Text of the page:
COLORADO SPRINGS, Colo. (KRDO) - On Thursday, the Supreme Court blocked a major push by President Joe Biden's administration to require employees at large businesses get a Covid-19 vaccine or test for the virus regularly.
While the Supreme Court is allowing a nationwide vaccine mandate for certain healthcare workers to go into effect, overall the decision is a major loss for the Biden Administration's battle.
But University of Colorado - Colorado Springs Political Science professor Josh Dunn says the President's next step could be to encourage individual states to consider broad vaccine mandates of their own, since Congress is unlikely to act on the situation.
"President Biden has one option: to use the bully pulpit and then try to convince states that are friendly to his position to impose a similar kind of mandate," said Dunn. "Because states retain what's known as the "police power" and the federal government doesn't have the police power. It's general power of government, to protect the health, welfare, safety, and morals of the people. So states have that, federal government doesn't have it, and it's much easier for states to do this kind of thing."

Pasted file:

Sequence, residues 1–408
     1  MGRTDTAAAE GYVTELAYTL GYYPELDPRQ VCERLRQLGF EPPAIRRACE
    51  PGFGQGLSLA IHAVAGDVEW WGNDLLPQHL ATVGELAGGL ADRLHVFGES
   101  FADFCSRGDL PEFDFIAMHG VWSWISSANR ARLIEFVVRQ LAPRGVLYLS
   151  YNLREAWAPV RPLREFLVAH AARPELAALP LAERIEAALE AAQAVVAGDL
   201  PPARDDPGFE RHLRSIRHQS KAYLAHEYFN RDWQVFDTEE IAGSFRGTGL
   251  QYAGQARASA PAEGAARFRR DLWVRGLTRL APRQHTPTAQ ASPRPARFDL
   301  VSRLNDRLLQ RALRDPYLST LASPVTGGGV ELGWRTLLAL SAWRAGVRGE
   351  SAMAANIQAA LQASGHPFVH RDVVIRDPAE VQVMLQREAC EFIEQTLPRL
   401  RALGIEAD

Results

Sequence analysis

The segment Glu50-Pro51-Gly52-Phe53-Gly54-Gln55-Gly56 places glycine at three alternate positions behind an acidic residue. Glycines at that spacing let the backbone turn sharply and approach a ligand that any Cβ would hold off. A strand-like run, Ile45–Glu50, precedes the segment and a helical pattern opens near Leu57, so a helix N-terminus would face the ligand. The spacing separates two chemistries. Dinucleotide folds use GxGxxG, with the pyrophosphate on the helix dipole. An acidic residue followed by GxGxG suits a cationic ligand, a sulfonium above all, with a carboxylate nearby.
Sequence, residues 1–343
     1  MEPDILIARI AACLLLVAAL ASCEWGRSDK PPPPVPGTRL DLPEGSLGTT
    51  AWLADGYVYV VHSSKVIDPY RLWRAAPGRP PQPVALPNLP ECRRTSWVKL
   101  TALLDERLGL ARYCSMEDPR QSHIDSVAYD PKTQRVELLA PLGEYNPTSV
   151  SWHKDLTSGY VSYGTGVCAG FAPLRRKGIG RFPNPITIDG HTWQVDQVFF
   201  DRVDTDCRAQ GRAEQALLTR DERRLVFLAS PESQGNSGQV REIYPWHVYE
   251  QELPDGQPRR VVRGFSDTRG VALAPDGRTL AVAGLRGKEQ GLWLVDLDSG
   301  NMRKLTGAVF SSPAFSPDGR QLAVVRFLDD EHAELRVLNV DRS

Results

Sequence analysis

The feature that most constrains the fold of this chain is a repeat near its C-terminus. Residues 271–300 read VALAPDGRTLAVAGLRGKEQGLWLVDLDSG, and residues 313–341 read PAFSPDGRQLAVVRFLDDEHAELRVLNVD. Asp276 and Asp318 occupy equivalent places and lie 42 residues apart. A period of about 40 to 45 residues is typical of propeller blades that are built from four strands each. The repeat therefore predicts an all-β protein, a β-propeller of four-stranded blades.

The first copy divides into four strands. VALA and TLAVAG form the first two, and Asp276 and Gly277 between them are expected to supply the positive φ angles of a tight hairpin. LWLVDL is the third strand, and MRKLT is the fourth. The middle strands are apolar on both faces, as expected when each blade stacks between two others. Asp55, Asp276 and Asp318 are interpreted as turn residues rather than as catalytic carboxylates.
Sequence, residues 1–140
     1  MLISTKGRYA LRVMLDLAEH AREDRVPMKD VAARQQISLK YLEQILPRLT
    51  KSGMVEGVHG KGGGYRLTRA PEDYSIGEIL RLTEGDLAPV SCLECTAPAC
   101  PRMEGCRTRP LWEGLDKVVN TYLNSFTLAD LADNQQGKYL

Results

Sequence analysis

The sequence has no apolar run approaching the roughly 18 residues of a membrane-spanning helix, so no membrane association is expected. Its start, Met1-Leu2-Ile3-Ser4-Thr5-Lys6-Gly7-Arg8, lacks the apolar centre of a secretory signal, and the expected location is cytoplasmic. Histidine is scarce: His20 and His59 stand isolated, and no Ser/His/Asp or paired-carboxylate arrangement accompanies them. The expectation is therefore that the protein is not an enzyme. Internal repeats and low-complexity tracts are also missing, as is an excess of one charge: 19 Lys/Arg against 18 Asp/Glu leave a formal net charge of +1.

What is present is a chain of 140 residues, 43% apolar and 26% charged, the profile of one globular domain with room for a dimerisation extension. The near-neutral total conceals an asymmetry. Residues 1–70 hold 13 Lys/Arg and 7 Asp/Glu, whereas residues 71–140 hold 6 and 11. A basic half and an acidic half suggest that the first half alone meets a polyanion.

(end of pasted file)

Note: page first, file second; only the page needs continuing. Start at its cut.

However, so far Colorado has not announced plans to take on their own mandate similar to what the White House wanted. Private businesses, on the other hand, are still allowed to require the shot.
"The general rule under both Colorado and federal law is that an employer generally may require certain vaccinations, so long as those requirements are job-related and consistent with business necessity," said Joseph Brown, an attorney at Telios Law. "So the mandate itself did not create that ability for employers. Employers had that right, even though it was a very narrow one.”
Many Coloradans lost their jobs over the last year for refusing to get the shot. While generally it's tough to sue over violating a company rule, there are possible exceptions.
"An employee might have a claim for refusal to accommodate a disability, or a sincerely held religious belief where an employer granted accommodations to some employees, but not to others," said Brown. "An employee might have a claim for disparate treatment or discrimination, where an employer may create a hostile work environment or take some kind of retaliatory action against an employee for having made an exemption request or for having opposed the vaccination about policy, then the employee may have a viable claim. It depends on what the underlying reason for the employee's job loss was."